On the “A” w/Souleo: Dannis Winston takes Notes from the Masters for Debut EP

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Dannis Winston performing live.
Dannis Winston performing live.
Photo by Stephen Smith

Earlier this year we introduced you to, Dannis Winston, a bandleader, singer/songwriter and President/CEO of Winston’s Crew Collective. The first step on his journey of parlaying his successful wedding band career into solo mainstream music success was the release of his debut single “Let Me Go.” Now 10 months later he is embarking on the next chapter with his debut EP titled, Master Class. The EP combines his penchant for eclectic musical styles (from dance to jazz) with a healthy dose of social consciousness. The latter evidenced by the lyrics of “4 Black Men” which address institutionalized racism and LGBT rights. But like any serious artist, Winston took lessons from the masters.

About two weeks ago on October 2, Winston held a listening party and performance at Minton’s in Harlem. While there he previewed the EP while paying homage to his musical teachers with covers of songs by Lionel Richie, Prince, Tears for Fears and Marvin Gaye. Check out highlights from the event below along with his new video for “4 Black Men.”

On the meaning behind his EP’s title:

“I am forever listening to the greats so what you hear are all of my influences for this particular record. Plus I am a mentor to a lot of musicians and young aspiring artists. This is my master class on showing them how to take everything around them and put it into themselves to become something different and greater. One of my biggest inspirations as a songwriter, composer, and human spirit is Lionel Richie. Old-school R&B is a huge influence for this record.”

On how Prince’s semi-nude and nude album covers inspired him:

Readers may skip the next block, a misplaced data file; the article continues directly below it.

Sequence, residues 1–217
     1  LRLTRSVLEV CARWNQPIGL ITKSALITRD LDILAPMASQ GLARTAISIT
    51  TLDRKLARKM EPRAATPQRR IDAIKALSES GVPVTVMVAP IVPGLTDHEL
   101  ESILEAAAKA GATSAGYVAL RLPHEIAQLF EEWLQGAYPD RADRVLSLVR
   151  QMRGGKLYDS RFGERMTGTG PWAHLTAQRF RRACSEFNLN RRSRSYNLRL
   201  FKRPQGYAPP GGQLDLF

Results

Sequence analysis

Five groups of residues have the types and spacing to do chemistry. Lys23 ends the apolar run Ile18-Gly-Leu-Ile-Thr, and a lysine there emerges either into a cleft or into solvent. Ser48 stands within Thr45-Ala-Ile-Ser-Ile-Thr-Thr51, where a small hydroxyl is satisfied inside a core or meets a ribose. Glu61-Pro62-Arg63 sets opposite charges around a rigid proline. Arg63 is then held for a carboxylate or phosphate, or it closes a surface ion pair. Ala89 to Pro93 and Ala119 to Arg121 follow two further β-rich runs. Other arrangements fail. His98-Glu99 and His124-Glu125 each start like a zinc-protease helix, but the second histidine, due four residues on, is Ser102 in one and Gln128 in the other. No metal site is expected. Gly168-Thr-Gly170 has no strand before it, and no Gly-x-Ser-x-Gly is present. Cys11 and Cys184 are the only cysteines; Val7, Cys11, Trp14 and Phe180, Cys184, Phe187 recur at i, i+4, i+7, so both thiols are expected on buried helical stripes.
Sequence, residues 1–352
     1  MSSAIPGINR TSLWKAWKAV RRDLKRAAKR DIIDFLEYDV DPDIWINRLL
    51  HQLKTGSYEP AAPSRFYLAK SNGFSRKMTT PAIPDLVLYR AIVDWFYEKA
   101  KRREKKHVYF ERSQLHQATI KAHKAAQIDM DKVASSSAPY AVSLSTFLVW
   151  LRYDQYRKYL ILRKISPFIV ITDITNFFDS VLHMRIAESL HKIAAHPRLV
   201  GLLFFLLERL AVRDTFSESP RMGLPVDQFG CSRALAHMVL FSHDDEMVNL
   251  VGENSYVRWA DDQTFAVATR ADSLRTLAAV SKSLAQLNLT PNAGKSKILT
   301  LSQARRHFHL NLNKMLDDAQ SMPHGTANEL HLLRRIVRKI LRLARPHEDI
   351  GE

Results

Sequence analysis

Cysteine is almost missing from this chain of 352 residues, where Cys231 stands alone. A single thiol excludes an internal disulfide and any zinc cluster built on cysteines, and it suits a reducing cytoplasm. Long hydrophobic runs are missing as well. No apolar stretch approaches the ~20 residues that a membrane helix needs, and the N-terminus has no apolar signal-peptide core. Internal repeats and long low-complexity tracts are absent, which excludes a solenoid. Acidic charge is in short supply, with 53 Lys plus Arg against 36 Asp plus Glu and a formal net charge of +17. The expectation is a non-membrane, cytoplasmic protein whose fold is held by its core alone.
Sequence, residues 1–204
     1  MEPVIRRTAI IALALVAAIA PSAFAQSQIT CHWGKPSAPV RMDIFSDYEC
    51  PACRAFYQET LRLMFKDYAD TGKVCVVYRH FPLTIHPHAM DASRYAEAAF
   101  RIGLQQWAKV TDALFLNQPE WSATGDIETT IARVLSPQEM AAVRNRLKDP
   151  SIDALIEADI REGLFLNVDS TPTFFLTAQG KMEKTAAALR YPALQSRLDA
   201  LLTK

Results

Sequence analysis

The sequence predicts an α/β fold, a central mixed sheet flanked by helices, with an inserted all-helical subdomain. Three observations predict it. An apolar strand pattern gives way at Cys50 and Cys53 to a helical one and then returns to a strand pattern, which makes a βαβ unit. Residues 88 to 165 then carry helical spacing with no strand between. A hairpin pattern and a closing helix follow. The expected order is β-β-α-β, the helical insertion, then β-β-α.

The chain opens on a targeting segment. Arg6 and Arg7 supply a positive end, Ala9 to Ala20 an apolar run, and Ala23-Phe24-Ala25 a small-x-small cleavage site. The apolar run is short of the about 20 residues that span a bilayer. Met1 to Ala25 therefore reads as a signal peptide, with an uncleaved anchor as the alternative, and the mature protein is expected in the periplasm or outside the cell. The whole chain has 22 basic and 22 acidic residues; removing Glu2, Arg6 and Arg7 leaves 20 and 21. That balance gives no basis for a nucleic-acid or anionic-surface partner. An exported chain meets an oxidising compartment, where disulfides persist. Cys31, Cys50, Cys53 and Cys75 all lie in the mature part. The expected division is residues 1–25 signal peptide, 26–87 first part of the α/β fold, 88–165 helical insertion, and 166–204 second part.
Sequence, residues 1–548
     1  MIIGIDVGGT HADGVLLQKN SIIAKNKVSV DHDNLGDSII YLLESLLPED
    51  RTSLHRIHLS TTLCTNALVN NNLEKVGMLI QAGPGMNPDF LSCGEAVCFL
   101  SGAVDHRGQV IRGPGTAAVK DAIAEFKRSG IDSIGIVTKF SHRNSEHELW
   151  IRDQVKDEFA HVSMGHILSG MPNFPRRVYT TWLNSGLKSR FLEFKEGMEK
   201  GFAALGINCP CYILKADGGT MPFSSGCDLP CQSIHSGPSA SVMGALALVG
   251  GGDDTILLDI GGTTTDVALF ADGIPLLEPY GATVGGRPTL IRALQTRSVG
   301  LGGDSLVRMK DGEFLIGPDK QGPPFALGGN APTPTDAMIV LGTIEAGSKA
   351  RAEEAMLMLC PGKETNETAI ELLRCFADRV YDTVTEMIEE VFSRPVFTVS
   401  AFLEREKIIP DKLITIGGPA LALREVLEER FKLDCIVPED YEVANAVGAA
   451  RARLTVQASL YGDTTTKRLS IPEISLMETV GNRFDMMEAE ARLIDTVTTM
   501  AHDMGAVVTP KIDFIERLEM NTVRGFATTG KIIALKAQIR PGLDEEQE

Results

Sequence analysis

“I remember going to the CD store and seeing a cover of a man naked. So I picked up the CD and from there I got into everything he was about. He was about being your own person and he embodied that so well.”

L-R: Pianist Henry Jeria, singer Dannis Winston and trumpeter Joel Fuentes
L-R: Pianist Henry Jeria, singer Dannis Winston and trumpeter Joel Fuentes
Photo by Stephen Smith

On the influence of Tears for Fears:

“A disheartening thing about making music is that people expect because you look a certain way to sing or write a certain type of music only. But on Master Class there is a new wave influence.”

On how Marvin Gaye inspired the social consciousness of ‘4 Black Men’:

“Marvin Gaye like the other artists I picked are not only great musical contributors but also very socially conscious. That is a big inspiration for Master Class. Everybody knows at least one of these characters in the song ‘4 Black Men.’ 245 years of slavery is several generations of parents and for me recognizing that and the strength of that was important to put in song. We are living in very interesting dark times but there is light at that end of tunnel. It is about awareness and love. I wrote this song to start a conversation.”

Check out the video for “4 Black Men” here:


The column, On the “A” w/Souleo, covers the intersection of the arts, culture entertainment and philanthropy in Harlem and beyond and is written by Souleo, founder and president of arts administration company, Souleo Enterprises.

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